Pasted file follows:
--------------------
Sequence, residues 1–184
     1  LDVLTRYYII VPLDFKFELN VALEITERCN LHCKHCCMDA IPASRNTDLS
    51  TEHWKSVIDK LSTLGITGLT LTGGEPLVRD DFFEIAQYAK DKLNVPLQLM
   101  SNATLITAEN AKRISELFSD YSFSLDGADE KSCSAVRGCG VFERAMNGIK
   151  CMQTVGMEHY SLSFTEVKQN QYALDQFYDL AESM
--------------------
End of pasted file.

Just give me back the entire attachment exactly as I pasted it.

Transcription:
Sequence, residues 1–184
     1  LDVLTRYYII VPLDFKFELN VALEITERCN LHCKHCCMDA IPASRNTDLS
    51  TEHWKSVIDK LSTLGITGLT LTGGEPLVRD DFFEIAQYAK DKLNVPLQLM
   101  SNATLITAEN AKRISELFSD YSFSLDGADE KSCSAVRGCG VFERAMNGIK
   151  CMQTVGMEHY SLSFTEVKQN QYALDQFYDL AESM